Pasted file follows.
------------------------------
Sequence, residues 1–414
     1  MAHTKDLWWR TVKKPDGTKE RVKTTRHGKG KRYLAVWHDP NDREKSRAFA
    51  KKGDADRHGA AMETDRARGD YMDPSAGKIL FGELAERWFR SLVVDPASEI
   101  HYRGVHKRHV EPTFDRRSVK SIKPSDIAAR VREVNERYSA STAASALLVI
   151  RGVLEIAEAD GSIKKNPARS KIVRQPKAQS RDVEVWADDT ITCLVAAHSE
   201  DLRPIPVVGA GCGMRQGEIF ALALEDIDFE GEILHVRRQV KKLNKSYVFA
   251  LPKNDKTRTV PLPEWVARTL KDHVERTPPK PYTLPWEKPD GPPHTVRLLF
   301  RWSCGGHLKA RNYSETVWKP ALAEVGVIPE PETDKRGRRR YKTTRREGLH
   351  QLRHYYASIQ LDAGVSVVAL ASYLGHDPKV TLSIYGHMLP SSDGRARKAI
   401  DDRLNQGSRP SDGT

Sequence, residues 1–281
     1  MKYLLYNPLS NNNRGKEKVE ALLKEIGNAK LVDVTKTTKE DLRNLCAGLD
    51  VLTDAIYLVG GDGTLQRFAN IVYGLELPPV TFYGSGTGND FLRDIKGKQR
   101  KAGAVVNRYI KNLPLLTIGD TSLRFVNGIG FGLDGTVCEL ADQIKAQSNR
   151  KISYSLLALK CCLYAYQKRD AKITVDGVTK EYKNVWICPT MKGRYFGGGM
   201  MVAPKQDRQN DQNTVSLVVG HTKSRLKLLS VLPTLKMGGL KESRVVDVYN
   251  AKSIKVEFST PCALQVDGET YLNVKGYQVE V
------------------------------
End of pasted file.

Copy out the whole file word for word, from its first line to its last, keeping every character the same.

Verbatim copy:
Sequence, residues 1–414
     1  MAHTKDLWWR TVKKPDGTKE RVKTTRHGKG KRYLAVWHDP NDREKSRAFA
    51  KKGDADRHGA AMETDRARGD YMDPSAGKIL FGELAERWFR SLVVDPASEI
   101  HYRGVHKRHV EPTFDRRSVK SIKPSDIAAR VREVNERYSA STAASALLVI
   151  RGVLEIAEAD GSIKKNPARS KIVRQPKAQS RDVEVWADDT ITCLVAAHSE
   201  DLRPIPVVGA GCGMRQGEIF ALALEDIDFE GEILHVRRQV KKLNKSYVFA
   251  LPKNDKTRTV PLPEWVARTL KDHVERTPPK PYTLPWEKPD GPPHTVRLLF
   301  RWSCGGHLKA RNYSETVWKP ALAEVGVIPE PETDKRGRRR YKTTRREGLH
   351  QLRHYYASIQ LDAGVSVVAL ASYLGHDPKV TLSIYGHMLP SSDGRARKAI
   401  DDRLNQGSRP SDGT

Sequence, residues 1–281
     1  MKYLLYNPLS NNNRGKEKVE ALLKEIGNAK LVDVTKTTKE DLRNLCAGLD
    51  VLTDAIYLVG GDGTLQRFAN IVYGLELPPV TFYGSGTGND FLRDIKGKQR
   101  KAGAVVNRYI KNLPLLTIGD TSLRFVNGIG FGLDGTVCEL ADQIKAQSNR
   151  KISYSLLALK CCLYAYQKRD AKITVDGVTK EYKNVWICPT MKGRYFGGGM
   201  MVAPKQDRQN DQNTVSLVVG HTKSRLKLLS VLPTLKMGGL KESRVVDVYN
   251  AKSIKVEFST PCALQVDGET YLNVKGYQVE V